There isn’t much in the way of behind-the-scenes stuff on the single disc of the DVD.  Maybe the Blu-Ray edition has more.  I don’t know.  There are some bloopers that aren’t very funny and mostly show actors flubbing their lines.  There’s also the extended version of a short film called Squid Man, which Evil Ed, Charley and another guy made when they were supposedly kids, though they appear as teenagers in the short, short.    Finally, there’s a music video which I stopped watching after the first ten seconds.  Needless to say, it wasn’t 99 Problems from the end credits of the film.

Whereas I still remember large parts of Fright Night 1985, I’ve already forgotten most of the 2011 version.

Rating: 3/5

About The Overseer (1669 Articles)
Author of Say No to Drugs, writer for Blumhouse, Dread Central, Horror Novel Reviews and Addicted to Horror Movies.

4 Comments on Movie Talk: ‘Fright Night’ (2011) Review

  1. Here’s my 2 cents….
    My family went camping for two days. I stayed behind to finish up a novel. After working on the story all day decided I’d hit up the theater. Fright Night 3D was playing. I never cared for the original, but figured a 3D experience with some non CW vampires sounded perfect. I had zero expectations about the actual movie….but I fucking loved it! I loved the actors (even Colin whats his names performance of “Jerry”).
    I actually loved all of the actors in here. I thought the film was excellent.
    I bought it as soon as it came out and watched it plenty of times since.
    The soundtracks is also pretty freaking rad….
    If you love the original, you might not be so hot on this…but if you’re like me and could care less for the ’80’s version, you might be surprised.



  2. Wayne C. Rogers // February 15, 2014 at 12:03 am // Reply


    This is kind of what I’ve saying for the last couple of years. Everyone has a different opinion about the book they read or the movie they saw. What I liked, someone else might not, and vise versa. I’m glad you loved it. That makes it worth while.


  3. This was a film much more satisfying then the original although the original was good. You can’t always tell what people like about a film from the box office. Most of he people i know saw it on DVD and was pleasantly surprised so they may have made a lot of money there.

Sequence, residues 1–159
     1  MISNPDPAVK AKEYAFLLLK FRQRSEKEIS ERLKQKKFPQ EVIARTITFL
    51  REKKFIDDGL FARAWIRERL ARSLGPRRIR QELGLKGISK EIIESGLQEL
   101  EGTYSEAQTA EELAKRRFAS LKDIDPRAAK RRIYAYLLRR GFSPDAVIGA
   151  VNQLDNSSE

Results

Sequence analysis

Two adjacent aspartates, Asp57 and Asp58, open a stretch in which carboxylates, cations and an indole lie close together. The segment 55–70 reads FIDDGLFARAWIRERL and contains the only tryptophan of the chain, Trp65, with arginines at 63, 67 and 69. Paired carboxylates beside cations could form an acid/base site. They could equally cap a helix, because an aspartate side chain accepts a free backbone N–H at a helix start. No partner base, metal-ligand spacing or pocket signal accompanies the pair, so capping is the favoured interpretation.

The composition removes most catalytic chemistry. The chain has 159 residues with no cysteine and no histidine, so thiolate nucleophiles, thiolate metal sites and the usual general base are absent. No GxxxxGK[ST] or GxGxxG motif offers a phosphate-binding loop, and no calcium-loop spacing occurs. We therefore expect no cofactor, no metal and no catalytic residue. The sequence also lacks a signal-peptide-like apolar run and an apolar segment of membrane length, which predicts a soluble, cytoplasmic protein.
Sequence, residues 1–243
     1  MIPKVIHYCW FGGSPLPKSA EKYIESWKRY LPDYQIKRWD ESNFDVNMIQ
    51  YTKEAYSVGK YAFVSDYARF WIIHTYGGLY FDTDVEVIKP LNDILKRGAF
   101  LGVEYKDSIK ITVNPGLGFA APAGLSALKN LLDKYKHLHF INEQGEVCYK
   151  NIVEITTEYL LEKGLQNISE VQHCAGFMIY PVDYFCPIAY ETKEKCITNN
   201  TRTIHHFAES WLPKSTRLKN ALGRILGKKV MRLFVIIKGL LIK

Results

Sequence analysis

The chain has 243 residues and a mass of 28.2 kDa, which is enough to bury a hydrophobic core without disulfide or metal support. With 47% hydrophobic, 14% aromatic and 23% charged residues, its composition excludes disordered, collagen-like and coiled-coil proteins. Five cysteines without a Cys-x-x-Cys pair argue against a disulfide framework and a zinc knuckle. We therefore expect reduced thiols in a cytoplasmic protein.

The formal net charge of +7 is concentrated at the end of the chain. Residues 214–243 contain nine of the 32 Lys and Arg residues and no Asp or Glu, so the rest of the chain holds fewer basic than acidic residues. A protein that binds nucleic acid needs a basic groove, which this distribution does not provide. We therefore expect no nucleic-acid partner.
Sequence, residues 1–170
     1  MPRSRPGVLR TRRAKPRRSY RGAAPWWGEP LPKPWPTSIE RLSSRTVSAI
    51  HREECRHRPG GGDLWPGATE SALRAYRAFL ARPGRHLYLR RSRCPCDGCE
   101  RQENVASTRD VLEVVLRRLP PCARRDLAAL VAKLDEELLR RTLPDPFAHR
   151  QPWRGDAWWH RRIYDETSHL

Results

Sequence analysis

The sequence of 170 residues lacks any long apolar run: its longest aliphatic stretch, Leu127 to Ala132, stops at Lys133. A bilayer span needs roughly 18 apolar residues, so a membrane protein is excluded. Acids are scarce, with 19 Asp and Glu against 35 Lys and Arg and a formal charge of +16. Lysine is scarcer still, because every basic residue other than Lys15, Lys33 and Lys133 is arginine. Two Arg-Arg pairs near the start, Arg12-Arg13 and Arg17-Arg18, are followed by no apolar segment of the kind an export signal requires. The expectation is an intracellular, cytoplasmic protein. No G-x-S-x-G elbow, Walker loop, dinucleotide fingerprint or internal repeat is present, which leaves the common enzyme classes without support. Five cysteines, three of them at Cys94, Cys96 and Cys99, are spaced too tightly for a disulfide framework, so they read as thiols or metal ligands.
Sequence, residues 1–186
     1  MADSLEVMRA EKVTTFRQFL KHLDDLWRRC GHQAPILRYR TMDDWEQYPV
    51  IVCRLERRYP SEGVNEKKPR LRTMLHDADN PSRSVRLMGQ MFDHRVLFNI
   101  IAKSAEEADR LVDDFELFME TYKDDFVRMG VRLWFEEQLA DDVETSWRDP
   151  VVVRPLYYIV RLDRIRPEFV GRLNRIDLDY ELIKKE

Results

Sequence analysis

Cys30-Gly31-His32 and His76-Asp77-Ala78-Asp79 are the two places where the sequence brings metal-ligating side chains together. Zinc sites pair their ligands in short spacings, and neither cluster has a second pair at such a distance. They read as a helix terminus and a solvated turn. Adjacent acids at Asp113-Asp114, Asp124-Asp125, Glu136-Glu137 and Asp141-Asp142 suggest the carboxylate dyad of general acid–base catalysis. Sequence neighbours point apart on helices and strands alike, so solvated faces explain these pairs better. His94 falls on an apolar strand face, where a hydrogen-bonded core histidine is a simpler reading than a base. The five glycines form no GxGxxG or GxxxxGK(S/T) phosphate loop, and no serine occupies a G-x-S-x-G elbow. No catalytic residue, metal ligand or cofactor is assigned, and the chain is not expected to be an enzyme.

4. This one kind of pisses me off in a weird way. Colin Farrell is surprisingly awesome. Toni Collette is a brilliant actress, yet she’s terribly underused. She’s technically the strongest performer in the film, and she’s got a glorified cameo, and ends up in a hospital for the vast majority of the film after she collapses – not severely injured, mind you. Maybe the stress of running into a vampire leads to lengthy comas, I don’t know – fortunately I’ve never run into a vampire lol. David Tenant was good, and brings a fine new spin to the Peter Vincent character. Anton Yelchin does a good job with his performance, but his character has been completely assassinated. The guy went from being a frantic but genuinely GOOD guy in Holland’s film, into a borderline hipster douche bag who betrays his best friend Evil Ed in Gillespie’s take.
    Then you’ve got Evil Ed… who – in the original – is an awesome character with LOADS of great scenes and a SOLID amount of screen time, now transformed into a bit player who has virtually no place in the film. If you clock his total screen time it probably equals 6 minutes, and he’s essentially in 3-4 scenes. We never even get the chance to care about him, in the slightest, so when he turns into a bloodsucker, we don’t feel any emotion for him. He’s just another victim.
    I LIKE the idea of utilizing Vegas as the primary location, because it is a city that never sleeps, but I’m not sure they sold it quite as well as they could have.
    The first 30 minutes of the movie are an absolute blast. I can watch that half an hour over and over again simply because the pacing and humor is effective, and Farrell is frighteningly debonair. Then act 2 kicks into gear and the CGI buries the film, right there, on the spot. It is quite literally the worst display of visual effects I’ve ever seen in a commercial film. I’ve honestly seen student films that have vastly superior CGI (you can also track down some simple fan films that have stronger CG right over on youtubeI) – that doesn’t bode well for the film as a whole.
    There were a LOT of really good things going for this, and a LOT of really bad things going for this. I purchased it, and I like to watch the first 30-40 minutes every now and then, but I turn it off after that. I want to see monstrous vampires, not cartoons. And these quite literally look like someone super-imposed a bad cartoon into the frame.
    Such a weird film, all in all. I consider Holland’s flick one of the 3 best vampire films of the 80s (Near Dark and Lost Boys being the other two), and I think this one had the potential to be a genuinely good remake – but at the end of the day, I can’t look beyond the horrific visual effects. They could have hired a straight out of film schooler, paid him next to nothing, and he could have improved the film immensely. I have ZERO idea why they DIDN’T do that.
    A clear run to the endzone, with a ludicrous fumble on the 50 yard line. Strange, strange business.